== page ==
May is the month that sees the world-famous Chelsea Flower Show taking place. This year I am very fortunate enough to be able to visit all day on Friday 25th as part of my volunteering on the National Garden Scheme Stand during the show.
Most gardeners will have heard the phrase, the Chelsea Chop, but what is it and what does it mean. It’s a pruning technique used at this time of the year which helps to control and limit the size and flowering season of many herbaceous plants.
RHS advice re the Chelsea Chop
According to the RHS, there are three suggestions or methods to ensure the Chelsea chop is effective. Which method you choose will depend on the type of plant, how big your plant clump is and the effect you want to achieve.
a) Clumps of perennials can be literally be chopped back by one third to a half, using shears or secateurs. This will delay the flowering until later in the summer and keep plants shorter and more compact.
b) If you have several clumps of one plant, try cutting back some of them, but leaving others. This will prolong the overall flowering time as some will flower early and the others later.
c) Another method is to cut half the stems back at the front of an established clump, which will extend the season of flowering rather than delay it.
After you’ve cut back your plants, make sure you give them a thorough watering and some feed. Of course I always use Richard Jackson’s Flower Power to feed my plants.
Plants to chop using the Chelsea chop method
I do have some plants in my garden that are very suitable for the Chelsea chop! I have a small bed of Achillea ‘Moonshine’ which can get tall and leggy, so cutting some of them back in May encourages the production of more flowers over a longer period. Another plant that it works well with is Nepeta, some of which I have growing under a sea buckthorn tree.
Some other suggestions for the Chelsea chop are heleniums, penstemons, sedums, echinacea and phlox!
Other ways to cheat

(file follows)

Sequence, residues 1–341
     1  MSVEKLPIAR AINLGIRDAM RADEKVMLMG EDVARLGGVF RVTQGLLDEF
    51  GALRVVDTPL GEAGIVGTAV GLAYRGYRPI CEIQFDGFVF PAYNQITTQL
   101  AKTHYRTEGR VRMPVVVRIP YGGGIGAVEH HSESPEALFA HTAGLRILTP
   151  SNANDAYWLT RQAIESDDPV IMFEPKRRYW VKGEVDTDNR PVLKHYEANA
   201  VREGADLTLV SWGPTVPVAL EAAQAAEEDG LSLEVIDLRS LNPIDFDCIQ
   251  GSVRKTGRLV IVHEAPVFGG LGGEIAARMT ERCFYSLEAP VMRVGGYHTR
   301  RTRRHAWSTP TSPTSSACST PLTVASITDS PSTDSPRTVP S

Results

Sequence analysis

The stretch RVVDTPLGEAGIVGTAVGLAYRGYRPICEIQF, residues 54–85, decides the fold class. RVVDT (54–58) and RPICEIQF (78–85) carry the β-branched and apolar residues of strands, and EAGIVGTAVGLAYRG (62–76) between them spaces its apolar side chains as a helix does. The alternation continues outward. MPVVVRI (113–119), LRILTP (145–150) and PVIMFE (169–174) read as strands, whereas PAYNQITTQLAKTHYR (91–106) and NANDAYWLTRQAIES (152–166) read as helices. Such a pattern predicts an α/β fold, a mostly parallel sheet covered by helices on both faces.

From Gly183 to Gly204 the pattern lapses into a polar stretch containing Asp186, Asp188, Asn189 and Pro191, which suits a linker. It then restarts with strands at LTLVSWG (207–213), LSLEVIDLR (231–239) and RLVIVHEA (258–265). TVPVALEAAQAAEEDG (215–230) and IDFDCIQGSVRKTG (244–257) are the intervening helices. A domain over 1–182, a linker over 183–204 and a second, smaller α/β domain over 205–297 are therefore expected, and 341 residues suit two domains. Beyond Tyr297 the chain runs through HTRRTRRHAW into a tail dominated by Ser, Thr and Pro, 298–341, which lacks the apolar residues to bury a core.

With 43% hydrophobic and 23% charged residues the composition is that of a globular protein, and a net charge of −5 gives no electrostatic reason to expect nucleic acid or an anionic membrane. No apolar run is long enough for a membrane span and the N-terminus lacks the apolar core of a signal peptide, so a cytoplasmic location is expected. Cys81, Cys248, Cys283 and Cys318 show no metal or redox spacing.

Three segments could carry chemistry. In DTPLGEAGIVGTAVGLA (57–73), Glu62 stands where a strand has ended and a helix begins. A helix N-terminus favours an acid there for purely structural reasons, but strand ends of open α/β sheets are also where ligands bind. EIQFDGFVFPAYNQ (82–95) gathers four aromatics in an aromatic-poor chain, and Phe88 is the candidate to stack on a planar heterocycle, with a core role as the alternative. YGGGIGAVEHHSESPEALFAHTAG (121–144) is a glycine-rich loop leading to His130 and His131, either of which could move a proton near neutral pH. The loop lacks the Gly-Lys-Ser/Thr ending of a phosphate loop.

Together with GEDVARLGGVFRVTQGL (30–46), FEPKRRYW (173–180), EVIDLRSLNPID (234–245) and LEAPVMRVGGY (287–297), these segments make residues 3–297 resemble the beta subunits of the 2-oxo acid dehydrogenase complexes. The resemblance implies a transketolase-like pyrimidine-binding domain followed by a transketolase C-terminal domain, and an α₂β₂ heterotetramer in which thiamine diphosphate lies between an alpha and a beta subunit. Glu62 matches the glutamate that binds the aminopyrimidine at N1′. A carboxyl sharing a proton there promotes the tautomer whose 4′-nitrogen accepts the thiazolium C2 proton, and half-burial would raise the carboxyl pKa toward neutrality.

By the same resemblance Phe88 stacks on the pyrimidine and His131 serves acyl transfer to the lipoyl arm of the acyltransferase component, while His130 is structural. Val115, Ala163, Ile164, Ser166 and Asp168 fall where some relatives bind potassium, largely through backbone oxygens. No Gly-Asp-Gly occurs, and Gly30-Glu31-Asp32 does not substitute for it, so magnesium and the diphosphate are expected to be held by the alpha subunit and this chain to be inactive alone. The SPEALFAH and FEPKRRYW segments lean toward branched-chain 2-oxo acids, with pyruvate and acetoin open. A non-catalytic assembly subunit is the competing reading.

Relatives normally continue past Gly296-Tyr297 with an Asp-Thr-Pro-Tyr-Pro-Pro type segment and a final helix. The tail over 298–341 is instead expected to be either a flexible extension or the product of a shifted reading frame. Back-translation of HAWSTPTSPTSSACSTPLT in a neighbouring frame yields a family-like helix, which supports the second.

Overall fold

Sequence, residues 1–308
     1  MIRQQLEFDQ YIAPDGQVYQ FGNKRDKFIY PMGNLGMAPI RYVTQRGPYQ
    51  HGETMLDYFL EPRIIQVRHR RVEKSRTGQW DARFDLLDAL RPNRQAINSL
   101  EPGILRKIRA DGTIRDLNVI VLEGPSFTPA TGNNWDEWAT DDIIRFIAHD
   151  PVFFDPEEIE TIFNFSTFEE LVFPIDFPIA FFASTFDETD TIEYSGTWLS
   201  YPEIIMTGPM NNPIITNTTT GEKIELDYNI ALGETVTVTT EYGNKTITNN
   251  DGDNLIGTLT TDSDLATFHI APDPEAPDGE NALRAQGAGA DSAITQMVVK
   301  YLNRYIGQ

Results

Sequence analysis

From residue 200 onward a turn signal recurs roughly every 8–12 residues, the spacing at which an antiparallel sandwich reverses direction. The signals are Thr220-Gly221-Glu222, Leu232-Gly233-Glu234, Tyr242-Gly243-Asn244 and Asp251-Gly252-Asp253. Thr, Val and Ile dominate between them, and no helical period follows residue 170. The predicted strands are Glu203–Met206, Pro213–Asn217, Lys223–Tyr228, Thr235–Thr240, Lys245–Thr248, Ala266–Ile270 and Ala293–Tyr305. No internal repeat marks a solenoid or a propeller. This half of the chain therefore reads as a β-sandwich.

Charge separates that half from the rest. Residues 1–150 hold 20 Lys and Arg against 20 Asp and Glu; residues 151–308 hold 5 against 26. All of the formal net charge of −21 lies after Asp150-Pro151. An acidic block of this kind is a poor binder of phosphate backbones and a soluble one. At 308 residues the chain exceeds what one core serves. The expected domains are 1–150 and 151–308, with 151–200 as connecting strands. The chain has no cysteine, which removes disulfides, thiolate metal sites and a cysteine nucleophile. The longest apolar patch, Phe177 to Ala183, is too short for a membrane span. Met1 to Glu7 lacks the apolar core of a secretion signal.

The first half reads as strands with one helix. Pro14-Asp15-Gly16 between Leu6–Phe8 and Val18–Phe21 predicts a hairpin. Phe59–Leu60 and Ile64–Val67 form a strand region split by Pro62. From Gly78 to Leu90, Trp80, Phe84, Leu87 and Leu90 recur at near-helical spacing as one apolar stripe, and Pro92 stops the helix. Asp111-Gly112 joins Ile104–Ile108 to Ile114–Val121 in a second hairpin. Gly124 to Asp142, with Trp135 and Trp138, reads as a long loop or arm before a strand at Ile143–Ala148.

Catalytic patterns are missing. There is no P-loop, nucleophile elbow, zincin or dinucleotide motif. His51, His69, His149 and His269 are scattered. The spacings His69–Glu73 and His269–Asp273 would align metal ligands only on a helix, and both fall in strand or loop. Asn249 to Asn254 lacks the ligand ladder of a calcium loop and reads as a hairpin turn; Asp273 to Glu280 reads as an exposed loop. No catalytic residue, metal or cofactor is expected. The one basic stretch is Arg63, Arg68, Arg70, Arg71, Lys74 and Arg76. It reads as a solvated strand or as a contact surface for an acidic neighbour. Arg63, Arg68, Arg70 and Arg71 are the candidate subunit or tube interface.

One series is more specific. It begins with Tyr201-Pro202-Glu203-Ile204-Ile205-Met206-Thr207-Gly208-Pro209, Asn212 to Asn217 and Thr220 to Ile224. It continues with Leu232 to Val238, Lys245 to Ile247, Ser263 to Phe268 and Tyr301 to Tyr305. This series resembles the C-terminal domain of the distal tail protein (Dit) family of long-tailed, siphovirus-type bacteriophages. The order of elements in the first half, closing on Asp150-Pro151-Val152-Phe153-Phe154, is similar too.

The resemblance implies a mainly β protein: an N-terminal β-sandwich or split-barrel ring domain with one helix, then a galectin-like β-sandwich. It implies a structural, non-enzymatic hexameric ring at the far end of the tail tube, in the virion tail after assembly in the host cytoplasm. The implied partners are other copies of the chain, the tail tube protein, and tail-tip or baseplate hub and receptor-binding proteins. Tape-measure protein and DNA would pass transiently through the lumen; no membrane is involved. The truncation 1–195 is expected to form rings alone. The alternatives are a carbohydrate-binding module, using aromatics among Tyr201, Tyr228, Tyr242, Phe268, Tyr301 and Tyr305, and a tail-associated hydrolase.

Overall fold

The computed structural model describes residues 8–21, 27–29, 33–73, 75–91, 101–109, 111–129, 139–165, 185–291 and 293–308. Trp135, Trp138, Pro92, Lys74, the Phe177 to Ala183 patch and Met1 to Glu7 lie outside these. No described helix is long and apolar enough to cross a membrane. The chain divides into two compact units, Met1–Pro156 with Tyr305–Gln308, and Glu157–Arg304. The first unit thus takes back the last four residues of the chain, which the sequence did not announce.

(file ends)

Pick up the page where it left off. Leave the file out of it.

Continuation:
The Chelsea chop might be a well-known garden technique, but I’m sure you have many of your own tricks that you apply at different times of the year! One that always works for me is the excessive use of containers in the garden. Plant up more than you think you might need with plants that flower at different times throughout the season. Then when they have gone over, you can just lift out the pot with the dying flowers and drop in the fresh pot with those about to flower. This usually works well for me with tulips, lilies and some summer annuals. I prepare more than I might need so I can refresh them quickly, should any die before the season is out.
I’ve got an amazing container of orange and red lilies that belonged to my Aunt who died back in 2004, I inherited the pot and they always look amazing at the start of the season. I’ve left them in the same container and drop it into a space in the border so visitors can only see the flowers, not the pot, and when they go over, I just lift it out and replace them with something else!
A good technique that works well for me at Driftwood, bearing in mind that I have a eclectic collection of bits and pieces around the garden, both metal and ceramic. If a corner or area starts to look less impressive as plants go over, I tend to move objects around to ensure the eye is drawn to the art or object rather than the less than perfect planting around it. A good example is the beautiful ceramic hydrangea which can quickly fill a gloomy, shady corner when needed. I’ve also used these stained glass panels that I bought in a junk shop a few years ago. I had a local artist make the frames for them and set them on stakes, they are perfect for brightening up a hedge or border. Trust me it works a treat!
If you’d like to learn more about Geoff’s award winning garden, visit his website, or better still make sure you visit on one of his open days this summer.